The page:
NCAA women's tournament

Georgetown women arrive as expected in NCAA women' basketball tournament

By Kathy Orton
Washington Post Staff Writer
Saturday, March 20, 2010

BERKELEY, CALIF. -- For a team that hasn't been to the NCAA tournament in 17 years, the Georgetown women are remarkable blasé about their appearance in the event.

Then again, the Hoyas haven't been too impressed with their accomplishments all season. It has been no big deal to them to win the most games in program history, to earn their first ranking in the Associated Press poll in 15 years and to finish tied for second in the Big East.

Anytime anyone brings up all they've done, their response is to shrug and tell you that is what they expected all along.

"The players say: 'Hey, why is everybody so excited about this? This is where we're supposed to be. This is everything that we've worked for,' " Georgetown Coach Terri Williams-Flournoy said. "It's always been their mentality. 'Why is anybody surprised that we're in the NCAA tournament? We told you we were going to do that when we came [to Georgetown].' "

Georgetown's indifferent attitude could serve the fifth-seeded Hoyas (25-6) well as they prepare to play No. 12 seed Marist (26-7) in a Memphis Region first-round game Saturday night. By not placing too much importance on the game, they'll lessen the likelihood that they'll play tight.

The Red Foxes are tournament-tested veterans. They are making their fifth consecutive and sixth overall appearance in the 64-team field. Three years ago, they reached the Sweet 16.

"I think it helps to know what the tournament is like," said Marist forward Rachelle Fitz, a senior who is playing in her fourth NCAA tournament. "You are playing bigger, better, faster, quicker teams. . . . It is nerve-wracking the first time [in the NCAA tournament]. It is a different atmosphere."

The Georgetown players aren't really buying into the notion that Marist's experience gives the Red Foxes an advantage.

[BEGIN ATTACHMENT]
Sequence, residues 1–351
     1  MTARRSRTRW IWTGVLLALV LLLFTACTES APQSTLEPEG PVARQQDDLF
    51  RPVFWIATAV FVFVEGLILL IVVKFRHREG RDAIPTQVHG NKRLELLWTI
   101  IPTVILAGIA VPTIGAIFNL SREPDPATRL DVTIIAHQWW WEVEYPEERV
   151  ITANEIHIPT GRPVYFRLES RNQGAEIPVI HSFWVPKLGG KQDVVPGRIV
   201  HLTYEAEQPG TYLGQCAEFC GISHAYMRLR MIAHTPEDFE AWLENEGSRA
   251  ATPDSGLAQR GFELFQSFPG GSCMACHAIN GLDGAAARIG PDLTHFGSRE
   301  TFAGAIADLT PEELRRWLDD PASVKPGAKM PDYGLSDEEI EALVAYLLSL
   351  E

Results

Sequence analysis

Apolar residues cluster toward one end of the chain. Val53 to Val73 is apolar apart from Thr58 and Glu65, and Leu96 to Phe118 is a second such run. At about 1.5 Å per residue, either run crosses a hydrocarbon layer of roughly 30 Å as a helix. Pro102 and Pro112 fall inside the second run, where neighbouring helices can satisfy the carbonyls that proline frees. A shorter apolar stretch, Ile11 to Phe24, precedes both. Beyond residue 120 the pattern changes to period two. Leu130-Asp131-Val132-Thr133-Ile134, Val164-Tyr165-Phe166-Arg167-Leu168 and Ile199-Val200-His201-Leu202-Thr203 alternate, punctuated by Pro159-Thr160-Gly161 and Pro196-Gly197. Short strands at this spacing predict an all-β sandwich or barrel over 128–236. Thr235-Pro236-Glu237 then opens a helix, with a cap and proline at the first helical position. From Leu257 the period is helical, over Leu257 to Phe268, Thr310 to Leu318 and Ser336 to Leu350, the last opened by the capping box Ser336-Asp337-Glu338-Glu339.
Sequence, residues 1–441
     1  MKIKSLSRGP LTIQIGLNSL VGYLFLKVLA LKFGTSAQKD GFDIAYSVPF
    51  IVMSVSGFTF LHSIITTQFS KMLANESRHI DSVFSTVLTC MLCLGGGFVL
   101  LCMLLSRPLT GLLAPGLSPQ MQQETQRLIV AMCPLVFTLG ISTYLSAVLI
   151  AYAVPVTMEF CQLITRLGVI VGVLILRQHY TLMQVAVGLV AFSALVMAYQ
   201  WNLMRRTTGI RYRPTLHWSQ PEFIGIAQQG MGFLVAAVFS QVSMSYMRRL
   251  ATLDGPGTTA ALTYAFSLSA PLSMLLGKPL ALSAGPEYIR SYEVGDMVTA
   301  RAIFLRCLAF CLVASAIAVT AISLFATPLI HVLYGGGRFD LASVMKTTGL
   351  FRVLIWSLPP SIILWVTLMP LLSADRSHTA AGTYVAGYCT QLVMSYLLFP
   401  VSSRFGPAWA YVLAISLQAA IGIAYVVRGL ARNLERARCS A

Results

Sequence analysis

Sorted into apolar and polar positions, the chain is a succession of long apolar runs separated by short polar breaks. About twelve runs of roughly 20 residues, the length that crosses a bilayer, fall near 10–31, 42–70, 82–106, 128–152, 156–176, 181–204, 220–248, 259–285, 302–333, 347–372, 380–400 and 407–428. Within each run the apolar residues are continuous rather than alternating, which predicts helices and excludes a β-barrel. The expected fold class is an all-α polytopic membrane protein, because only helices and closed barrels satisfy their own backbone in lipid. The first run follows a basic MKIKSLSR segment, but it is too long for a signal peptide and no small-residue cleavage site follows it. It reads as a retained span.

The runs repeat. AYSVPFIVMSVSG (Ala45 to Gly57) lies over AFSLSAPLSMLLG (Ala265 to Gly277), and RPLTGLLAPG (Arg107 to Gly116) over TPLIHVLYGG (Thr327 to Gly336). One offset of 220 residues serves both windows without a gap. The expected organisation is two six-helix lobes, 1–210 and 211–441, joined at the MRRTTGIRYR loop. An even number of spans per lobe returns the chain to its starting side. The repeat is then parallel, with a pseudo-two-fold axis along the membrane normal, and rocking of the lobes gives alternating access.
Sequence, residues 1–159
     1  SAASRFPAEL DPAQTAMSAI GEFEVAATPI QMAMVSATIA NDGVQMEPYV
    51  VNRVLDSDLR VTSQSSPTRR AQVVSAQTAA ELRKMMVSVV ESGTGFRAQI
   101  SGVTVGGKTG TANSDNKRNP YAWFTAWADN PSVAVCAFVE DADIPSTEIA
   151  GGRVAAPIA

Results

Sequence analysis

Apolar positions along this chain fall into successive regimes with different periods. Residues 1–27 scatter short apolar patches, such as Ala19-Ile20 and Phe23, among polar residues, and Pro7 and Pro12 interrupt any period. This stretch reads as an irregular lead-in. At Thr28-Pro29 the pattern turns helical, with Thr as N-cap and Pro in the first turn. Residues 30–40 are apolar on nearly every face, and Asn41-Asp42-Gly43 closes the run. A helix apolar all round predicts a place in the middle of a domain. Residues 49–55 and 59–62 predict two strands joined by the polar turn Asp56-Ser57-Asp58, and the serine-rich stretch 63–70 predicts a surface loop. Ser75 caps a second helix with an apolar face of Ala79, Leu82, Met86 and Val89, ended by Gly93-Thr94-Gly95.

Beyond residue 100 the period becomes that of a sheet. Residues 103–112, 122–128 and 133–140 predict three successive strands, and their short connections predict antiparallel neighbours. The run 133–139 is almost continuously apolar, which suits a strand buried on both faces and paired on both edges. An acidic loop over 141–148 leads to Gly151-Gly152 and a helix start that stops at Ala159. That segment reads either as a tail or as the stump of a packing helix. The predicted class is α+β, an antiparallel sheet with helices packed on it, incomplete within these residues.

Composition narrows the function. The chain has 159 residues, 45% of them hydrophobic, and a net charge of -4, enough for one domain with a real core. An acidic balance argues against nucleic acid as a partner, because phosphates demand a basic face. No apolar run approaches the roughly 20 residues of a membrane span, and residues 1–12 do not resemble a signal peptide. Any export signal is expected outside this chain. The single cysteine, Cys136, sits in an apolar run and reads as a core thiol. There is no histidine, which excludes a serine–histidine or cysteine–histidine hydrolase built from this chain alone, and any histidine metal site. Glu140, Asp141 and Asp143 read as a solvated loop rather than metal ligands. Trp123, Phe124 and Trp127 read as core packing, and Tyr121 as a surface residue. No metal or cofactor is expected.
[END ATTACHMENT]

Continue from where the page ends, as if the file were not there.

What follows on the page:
"We have gone over Marist," junior guard Monica McNutt said. "Yes, they are a good team. Yes, they're experienced. But we want to win, and we're hungry, too. We're not looking at their experience as a huge factor."

At times, Georgetown -- a team with 10 freshmen and sophomores on its roster -- seems too young to know better, and it's that innocence that makes them bold, if not fearless.

"I think everybody saw it when we played U-Conn.," Williams-Flournoy said. "The one thing that everybody keeps saying: 'You guys weren't scared. You just went out there and competed.' Our girls weren't scared. They're just not. I don't think they know how to be scared. Their mentality is just totally different."

For all the talk about how inexperienced Georgetown is, the Hoyas did make a deep run in the Women's National Invitation Tournament last season, falling to Boston College in their quarterfinal. They do know what it is like to play in a tournament where every game could be your last.

The Georgetown women also followed closely what happened to the men's team Thursday night, when the Hoyas lost to Ohio in the first round.

"It hurt but if we had to find a positive to come out of that it's a reality check for us," McNutt said. "Anything can happen in the NCAA tournament. As everyone knows, it's our first time here and we know we have to be extra sharp on all our P's and Q's, dot all I's, cross all T's and come out fully prepared and ready to play from the tip-off. There's no room for lethargy."

Added Williams-Flournoy, "We didn't want our men to lose, but now I can go right back to [the players] and be like, 'Hey, I told you if we don't rebound and if we don't play defense, you can't win.' "

It has been a long time since Georgetown has been a part of the NCAA tournament, but if the players have anything to do with it, this will not be the Hoyas' last appearance.

"We definitely think we deserve this opportunity, but we understand that it's not something that we want to take for granted," McNutt said. "We're here. We're here to win games. We want people to know that we're a good team, and we're a force to be reckoned with."

© 2010 The Washington Post Company